The groups represented by R.sub.22 to R.sub.26 means the same groups defined for R.sub.12, R.sub.13, R.sub.15, and R.sub.16 in formula (I) and the protective group for R.sub.21 to in formula (II) means the same groups defined for R.sub.11 andR.sub.14 in formula (II) means the same to R.sub.26 and OR21 are combined with each other to form a ring, the same as in the above case of R.sub.12 to R.sub.16, OR.sub.11 and OR.sub.14 can be applied.

The silver-halide adsorption accelerating group for at least one of R.sub.22 to R.sub.26 in formula (II) is preferably represented by the formula:

wherein Y is a silver-halide adsorption accelerating group; L is a divalent linkage group; and m is 0 or 1. Preferred examples of the adsorption accelerating group include a thioamide group, a mercapto group, a group having a disulfide group,and a 5 to 6-membered nitrogen-containing heterocyclic group.

The thioamide type adsorption accelerating group represented by Y is a divalent group represented by -CS-amino- and may be a part of a cyclic structure, or may be a non-cyclic thioamide group. The useful thioamide type adsorption acceleratinggroup can be selected from the groups described in, for example, U.S. Pat. Nos. 4,030,925, 4,031,127, 4,080,207, 4,245,037, 4,255,511, 4,266,013, and 4,276,364, and Research Disclosure, vol. 151, No. 15162 (November 1976) and vol. 176, No. 17626(December 1978).

There can be given as examples of the non-cyclic thioamide group, a thioureido group, a thiourethane group, and a dithiocarbamic acid ester group. Also, examples of the cyclic thioamide group include 4-thiazoline-2-thione,4-imidazoline-2-thione, 2-thiohydantoin, rhodanine, thiobarbituric acid, tetrazoline-5-thione, 1,2,4-triazoline-3-thione, 1,3,4-thiadiazoline-2-thione, 1,3,4-oxadiazoline-2-thione, benzimidazoline-2-thione, benzoxazoline-2-thione, andbenzothiaazoline-2-thione. These groups may further be substituted.

The mercapto group represented by Y is an aliphatic mercapto group, an aromatic mercapto group, or a heterocyclic mercapto group (where a nitrogen atom is attached to a carbon atom to which a --SH group is bonded, it is the same as a cyclicthioamide group which has a tautomeric relationship therewith, and examples of this group are the same as those defined for the above cyclic thioamide group).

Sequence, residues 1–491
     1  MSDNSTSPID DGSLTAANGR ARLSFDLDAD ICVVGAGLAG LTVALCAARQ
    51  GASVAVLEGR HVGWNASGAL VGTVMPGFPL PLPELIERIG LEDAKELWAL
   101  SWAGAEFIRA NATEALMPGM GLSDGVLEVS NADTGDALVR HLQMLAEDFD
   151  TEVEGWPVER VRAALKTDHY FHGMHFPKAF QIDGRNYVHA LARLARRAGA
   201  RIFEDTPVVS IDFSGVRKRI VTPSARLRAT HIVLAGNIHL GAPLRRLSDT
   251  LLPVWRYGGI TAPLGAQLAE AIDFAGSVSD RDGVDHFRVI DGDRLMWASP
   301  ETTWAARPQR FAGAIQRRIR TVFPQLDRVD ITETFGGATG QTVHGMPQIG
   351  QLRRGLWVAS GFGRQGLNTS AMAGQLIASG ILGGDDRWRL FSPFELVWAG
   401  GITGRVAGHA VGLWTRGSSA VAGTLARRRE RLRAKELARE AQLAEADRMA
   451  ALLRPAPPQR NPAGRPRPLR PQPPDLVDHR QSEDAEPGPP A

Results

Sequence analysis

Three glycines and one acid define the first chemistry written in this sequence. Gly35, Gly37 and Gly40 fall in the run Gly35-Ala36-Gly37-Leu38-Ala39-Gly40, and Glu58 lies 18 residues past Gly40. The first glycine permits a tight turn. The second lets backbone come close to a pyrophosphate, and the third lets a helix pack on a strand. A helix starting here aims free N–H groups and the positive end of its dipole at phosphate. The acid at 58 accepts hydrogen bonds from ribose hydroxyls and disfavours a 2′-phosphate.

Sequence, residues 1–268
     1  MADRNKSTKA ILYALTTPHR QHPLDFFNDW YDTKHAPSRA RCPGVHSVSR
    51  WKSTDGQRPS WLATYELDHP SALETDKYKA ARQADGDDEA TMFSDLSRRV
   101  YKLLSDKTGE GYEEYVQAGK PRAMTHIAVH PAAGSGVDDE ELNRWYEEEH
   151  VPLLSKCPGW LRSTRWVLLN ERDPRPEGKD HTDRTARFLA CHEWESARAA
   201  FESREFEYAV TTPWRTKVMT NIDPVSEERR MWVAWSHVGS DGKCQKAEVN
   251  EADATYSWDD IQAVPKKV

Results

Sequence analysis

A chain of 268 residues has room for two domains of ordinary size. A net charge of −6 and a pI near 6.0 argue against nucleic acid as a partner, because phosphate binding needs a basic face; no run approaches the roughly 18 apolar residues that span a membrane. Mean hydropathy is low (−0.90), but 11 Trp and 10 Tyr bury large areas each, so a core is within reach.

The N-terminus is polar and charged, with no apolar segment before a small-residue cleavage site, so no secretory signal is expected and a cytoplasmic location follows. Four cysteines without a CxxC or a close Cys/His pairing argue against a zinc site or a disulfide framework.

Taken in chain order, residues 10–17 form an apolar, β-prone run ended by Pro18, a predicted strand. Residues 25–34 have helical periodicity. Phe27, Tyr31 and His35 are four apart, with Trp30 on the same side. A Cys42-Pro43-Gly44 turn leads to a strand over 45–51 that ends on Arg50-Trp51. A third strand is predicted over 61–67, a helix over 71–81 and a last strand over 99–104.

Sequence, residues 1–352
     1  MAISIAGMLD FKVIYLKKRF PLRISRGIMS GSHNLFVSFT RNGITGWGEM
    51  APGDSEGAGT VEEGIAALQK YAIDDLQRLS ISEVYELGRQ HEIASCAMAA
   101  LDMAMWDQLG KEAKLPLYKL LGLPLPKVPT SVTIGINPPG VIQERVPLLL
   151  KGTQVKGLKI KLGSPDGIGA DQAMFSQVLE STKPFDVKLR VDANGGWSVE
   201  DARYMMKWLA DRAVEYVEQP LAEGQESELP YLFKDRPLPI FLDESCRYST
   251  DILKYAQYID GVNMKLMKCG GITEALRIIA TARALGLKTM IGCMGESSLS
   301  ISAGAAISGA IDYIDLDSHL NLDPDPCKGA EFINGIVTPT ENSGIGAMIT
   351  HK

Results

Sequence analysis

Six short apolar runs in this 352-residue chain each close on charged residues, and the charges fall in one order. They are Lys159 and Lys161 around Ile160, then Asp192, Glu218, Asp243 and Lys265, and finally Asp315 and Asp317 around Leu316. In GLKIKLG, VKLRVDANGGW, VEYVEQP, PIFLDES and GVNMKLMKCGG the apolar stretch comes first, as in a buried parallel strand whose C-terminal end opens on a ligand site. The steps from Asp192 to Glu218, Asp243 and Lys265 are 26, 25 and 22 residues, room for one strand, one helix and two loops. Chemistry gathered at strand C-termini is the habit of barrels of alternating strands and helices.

The 5 or 6-membered nitrogen-containing heterocyclic group for Y is a 5 or 6-membered nitrogen-containing heterocyclic group comprising the combination of nitrogen, oxygen, sulfur and carbon. Preferred are benzotriazole, triazole, tetrazole,indazole, benzimidazole, imidazole, benzothiazole, thiazole, benzoxazole, oxazole, thiadiazole, oxadiazole, and triazine. They may be substituted with suitable substituents.

Of the groups represented by Y as described above, preferred are a cyclic thioamide group (that is, a mercapto substituted nitrogen-containing heterocyclic group, for example, a 2-mercaptothiadiazole group, a 3-mercapto-1,2,4-triazole group, a5-mercaptotetrazole group, a 2-mercapto-1,3,4-oxadiazole group, and a 2-mercaptobenzoxazole) and a nitrogen-containing heterocyclic group (for example, a benzotriazole group, a benzimidazole group and an indazole group).

Two or more Y--(L)m-- groups may be present in formula (II) and may be the same or different.

The divalent linkage group represented by L is an atom or a group of atoms containing at least one of C, N, S and O. To be concrete, it comprises singly or the combination of, for example, an alkylene group, an alkenylene group, an arylene group,--O--, --S--, --NH--, --N.dbd., --CO--, and --SO.sub.2 -- (these groups may have substituents). Examples of the divalent linkage group are shown below. ##STR5##

Preferred examples of the compounds represented by formula (I) are shown below but not limited thereto: ##STR6##

Preferred examples of the compounds represented by formula (II) are shown below but not limited thereto: ##STR7##

The compounds represented by formula (I) and (II) according to the present invention can be synthesized by the methods described in the following patents and patents cited therein: U.S. Pat. Nos. 2,701,197, 3,700,453, 3,960,570, 4,232,114,4,277,553, 4,443,537, 4,447,523, 4,476,219, 4,717,651, and 4,732,845, JP-B-51-12250, and JP-A-54-29637, 58-21249, 59-108776, 61-48456, 61-169844, and 61-309949.